Herring explains: “Manufacturing is no longer feasible and Covid and electricity supply issues have accelerated our plan to stop manufacturing. It is much more rewarding to import. Our industry is very labour intensive. What Covid has taught me is to run the company on a shoestring. We cannot afford to employ anyone who doesn’t pull their weight. Some have been encouraged to take early retirement. It is sad that we are in this situation because we have phenomenal guys, but once a person retires they are not replaced.”
The impact of lockdowns on mental health
Professor Irma Eloff, educational psychologist and professor of education at the University of Pretoria, says Covid-19 has placed mental health higher on the agenda of policymakers and allowed for thinking afresh about the importance of mental health issues in an environment of growing inequality.
She notes that the economic and social lockdowns have affected people differently. There has been a jump in mental health issues such as anxiety, loss of social connection, fear of being infected or dying, coping with grief and complications that arise from domestic arrangements. Financial uncertainty and job losses have caused massive mental and other health problems.
Addressing mental health and the wellbeing of individuals has become a priority in many organisations. This may include kindness projects, flexible schedules, spending time outdoors and “getting back to basics”, such as slow cooking, listening to music, physical exercise and creative outlets.
Despite the increase in mental health problems, a study conducted for the 2020 World Happiness Report found that people had surprising resilience. Although it varied considerably between countries, there was little change in the overall rankings from previous years. South Africa’s happiness ranking improved two places from 78 (2017 to 2019) to 76 in 2020 out of 95 countries.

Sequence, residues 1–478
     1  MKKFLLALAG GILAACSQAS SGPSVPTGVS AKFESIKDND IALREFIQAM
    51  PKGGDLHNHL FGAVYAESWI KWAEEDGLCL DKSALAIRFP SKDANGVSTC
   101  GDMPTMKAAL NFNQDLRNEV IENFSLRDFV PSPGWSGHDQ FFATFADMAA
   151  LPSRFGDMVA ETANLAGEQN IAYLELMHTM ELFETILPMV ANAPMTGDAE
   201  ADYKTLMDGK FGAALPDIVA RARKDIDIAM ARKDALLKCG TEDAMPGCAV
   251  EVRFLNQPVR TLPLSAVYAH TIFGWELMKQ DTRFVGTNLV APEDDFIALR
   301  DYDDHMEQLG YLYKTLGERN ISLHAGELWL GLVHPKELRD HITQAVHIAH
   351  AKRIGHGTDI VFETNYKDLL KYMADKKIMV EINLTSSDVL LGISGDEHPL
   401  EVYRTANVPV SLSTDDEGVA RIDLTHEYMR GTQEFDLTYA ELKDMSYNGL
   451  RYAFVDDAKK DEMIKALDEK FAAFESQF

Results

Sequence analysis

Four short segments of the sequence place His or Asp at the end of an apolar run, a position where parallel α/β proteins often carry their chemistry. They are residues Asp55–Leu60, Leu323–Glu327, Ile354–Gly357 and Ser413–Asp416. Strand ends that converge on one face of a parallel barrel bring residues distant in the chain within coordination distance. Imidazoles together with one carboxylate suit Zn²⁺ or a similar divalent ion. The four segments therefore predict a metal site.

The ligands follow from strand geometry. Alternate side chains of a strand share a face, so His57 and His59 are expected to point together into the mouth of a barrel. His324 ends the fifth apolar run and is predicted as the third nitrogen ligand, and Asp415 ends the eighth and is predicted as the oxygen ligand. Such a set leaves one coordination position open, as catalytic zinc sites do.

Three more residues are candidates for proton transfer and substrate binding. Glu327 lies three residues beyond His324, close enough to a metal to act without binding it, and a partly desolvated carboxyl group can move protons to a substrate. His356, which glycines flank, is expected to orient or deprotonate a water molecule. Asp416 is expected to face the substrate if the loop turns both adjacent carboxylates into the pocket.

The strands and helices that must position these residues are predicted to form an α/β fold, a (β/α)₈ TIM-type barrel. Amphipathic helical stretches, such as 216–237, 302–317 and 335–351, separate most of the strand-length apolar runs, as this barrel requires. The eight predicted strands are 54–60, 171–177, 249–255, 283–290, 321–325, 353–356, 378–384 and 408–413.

On this, one of the most important predictors of wellbeing is the quality of relationships. In some cases it need only be with one other significant person; it could be a family member, friend or partner, but in essence, a relationship where you know they will be “there” for you. It is also important to stay engaged with daily tasks in a meaningful way and create a sense of small achievements daily; small successes are critical in overcoming adversity.
Eloff says employees who continue to work from home could make small changes to thrive and prevent burnout or loneliness.
This includes setting clear boundaries between work and personal time, allocating technology-free zones and time slots regularly, connecting safely with friends and colleagues and pursuing those long-postponed interests to balance the stress and anxiety that can be caused by constant online interaction.
One of the advantages of the pandemic is the boost it has given to telehealth practices and access to psychological services. Embracing open and frank discussions on mental health issues has become much more visible and acceptable. In the same way that you would seek advice from a doctor for a physical problem, advice should be sought for mental health challenges. DM/ML